The First Nowell

There ought to be a badge for curates that declares: “I survived my first ordained Christmas!” – such is the achievement of getting through one’s very first festive season as a member of clergy. The services, the sermons, the lunches, the drinks parties, the children’s parties, the Christingle making, the carols…

I guess a part-time curate’s first Christmas could be considered slightly less of an achievement? Yes and no.

Yes, because I didn’t do the full slog of Christmas services. Thanks to still being a commuting curate, reliant upon London Transport (which ceases to exist from 9pm on Christmas Eve), I missed Midnight Mass. (Also thanks to there being two other clergy present to divide preaching and presiding between themselves.)

But I did preach my very first Christmas Day sermon – complete with photos of some gems from the Clutterbuck Nativities Collection, and a legendary pop diva in the congregation. [I kid you not on that last point. Fortunately I didn’t find out about that until after the service!] I travelled through deserted London streets courtesy of a Muslim taxi driver who spent most of the journey quizzing me on how to cook a turkey – as I’ve never cooked one, I really wasn’t much help, but did recommend Delia’s Christmas.

Inuit NativityFor some reason, the Inuit Nativity got a lot of laughs in my sermon…

Being part-time means that there’s an awful lot to pack into the two weekdays that I’m at the church. Which can have interesting consequences – like the December Wednesday when my very first school assembly (on King Herod & lying) was preceded by the over 60’s Christmas lunch. I love the over 60’s group! They’ve made me an honorary member of their coterie, and that allows me to attend their monthly lunches. The Christmas lunch was talked about for several weeks beforehand, with references to sherry and wine plentiful. On the day in question, we wrapped up our 10.30 midweek service a bit before 11.30 and immediately, out came the sherry. A particularly spritely 88 year old offered me a glass, insisting that I should have something, after all, assembly wasn’t till 3pm – I relented an asked for a very small glass. I’m not sure what a large would have looked like, as I was handed a regular wine glass that was two-thirds full of sherry! [Needless to say, it was not drained empty!]

Downside of being part-time? Missing some of the Christmas lunches. Upside? Not having quite so many enforced mince pie eating occasions!

To be honest, the biggest Christmas challenge was never going to be the work, but the fact that it was different to any other Christmas I’d had before. I’ve grown up with church-orientated Christmasses – where the priority was getting one, two, three or even four services done between Christmas Eve morning and Christmas dinner! I’ve been hauled into action on grey Christmas mornings to support parents’ leading worship – regardless of whether or not I was indulging in my semi-annual Christmas cold. But it turns out it’s rather different when it’s you that has the church to look after!

Christmas 2015 was the first Christmas I’ve ever spent away from all my family. It was the first Christmas that my parents would spend with neither daughter with them. A tad daunting, but I have amazing alternative families…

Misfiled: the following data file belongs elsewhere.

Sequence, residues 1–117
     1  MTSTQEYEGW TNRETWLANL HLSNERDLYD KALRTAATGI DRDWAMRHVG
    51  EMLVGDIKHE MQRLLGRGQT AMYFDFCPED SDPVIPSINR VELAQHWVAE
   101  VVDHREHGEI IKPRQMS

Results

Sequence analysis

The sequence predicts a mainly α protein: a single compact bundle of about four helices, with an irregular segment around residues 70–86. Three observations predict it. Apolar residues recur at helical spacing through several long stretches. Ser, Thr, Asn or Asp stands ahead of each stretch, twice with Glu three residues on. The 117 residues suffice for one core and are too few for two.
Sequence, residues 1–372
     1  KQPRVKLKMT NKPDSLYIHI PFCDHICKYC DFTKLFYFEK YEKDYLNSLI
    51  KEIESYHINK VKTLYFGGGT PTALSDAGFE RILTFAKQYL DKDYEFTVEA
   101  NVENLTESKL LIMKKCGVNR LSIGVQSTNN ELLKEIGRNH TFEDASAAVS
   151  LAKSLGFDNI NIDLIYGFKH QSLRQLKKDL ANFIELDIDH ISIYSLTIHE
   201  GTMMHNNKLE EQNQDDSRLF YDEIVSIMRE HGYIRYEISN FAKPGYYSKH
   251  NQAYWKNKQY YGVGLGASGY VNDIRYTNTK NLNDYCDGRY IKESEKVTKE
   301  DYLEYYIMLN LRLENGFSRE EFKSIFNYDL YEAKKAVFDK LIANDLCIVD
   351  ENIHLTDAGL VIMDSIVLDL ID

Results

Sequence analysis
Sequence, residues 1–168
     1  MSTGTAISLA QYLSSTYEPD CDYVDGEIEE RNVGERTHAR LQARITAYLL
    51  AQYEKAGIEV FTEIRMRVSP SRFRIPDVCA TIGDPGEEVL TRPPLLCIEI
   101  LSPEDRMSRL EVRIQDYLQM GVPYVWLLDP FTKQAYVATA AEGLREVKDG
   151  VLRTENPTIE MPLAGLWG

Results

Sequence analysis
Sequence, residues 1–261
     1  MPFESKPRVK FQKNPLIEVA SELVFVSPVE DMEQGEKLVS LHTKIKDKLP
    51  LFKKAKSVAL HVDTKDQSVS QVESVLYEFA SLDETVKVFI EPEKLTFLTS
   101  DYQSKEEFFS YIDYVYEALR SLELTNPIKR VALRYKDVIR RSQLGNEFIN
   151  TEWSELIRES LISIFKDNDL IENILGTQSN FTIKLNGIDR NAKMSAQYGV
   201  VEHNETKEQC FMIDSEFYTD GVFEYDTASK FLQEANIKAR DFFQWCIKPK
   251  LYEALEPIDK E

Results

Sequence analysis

A campaign had been underway to get me to spend Christmas Day in Harpenden for over a year – and where better place to spend Christmas than with a family of people you’ve known for over half your life, and who appear to have had a near-identical upbringing! Christmas with the Kilverts was different to a Clutterbuck Christmas (fewer nativities for starters), but it was good different – including Christmas quizzing, Christmas cheese, Christmas present notebooks [still reeling from the organisation level displayed on this one], and the Queen. Yes, the Queen. For the first time IN MY LIFE I watched the Queen’s speech. And you know what? It was really rather good and something to be stored away for a future sermon illustration. Anyway, huge thanks to the Kilvert clan for trekking to Highbury on Christmas Day, being in my congregation, and then taking me home with you and making me feel so much a part of the family!!

The other alternative family was of course my London one. For a city whose population seems to flee in a mass exodus in the week leading up to Christmas, it was a surprise to discover that so many Matryoshka Haus-ites were in town over the holidays. Christmas Eve-Eve was spent enjoying great food with great company in the new building, while the following night was a lovely extended family meal at home. [Christmas: when three roast dinners in four days is considered not in the least bit excessive!] Celebrating Christmas with friends, my honorary niece & nephew [“aunty Liz” appears to be catching on as a moniker with the smallest housemates] was lovely and more than made up for the lack of actual family.

Oh, and I put Father Christmas to the test and won. Twice. Stocking gifts arrived from Belfast, and then on Christmas morning a Christmas miracle occurred! A stocking full of another set of presents arrived at my bedroom door. So it’s official, Father Christmas *does* exist!

Christmas Stocking

 

Well done fellow Deacons for surviving Christmas. Now, bring on Easter!

Comments

  1. I’m still cross that we didn’t light the candles on our German nativity for you. It is the first Christmas they weren’t lit at all. I blame Dave, he’s in charge of candles.
    In case you missed it, it was on the piano and in angel chime fashion the rising hot air from the candles gives motion to the shepherds and sheep, who wiz around the nativity scene in the centre. When the candles are new we sometimes only light 2 of the 4 to keep the sheep at a sedate pace and to stop all concerned on the tableau from becoming very dizzy indeed!

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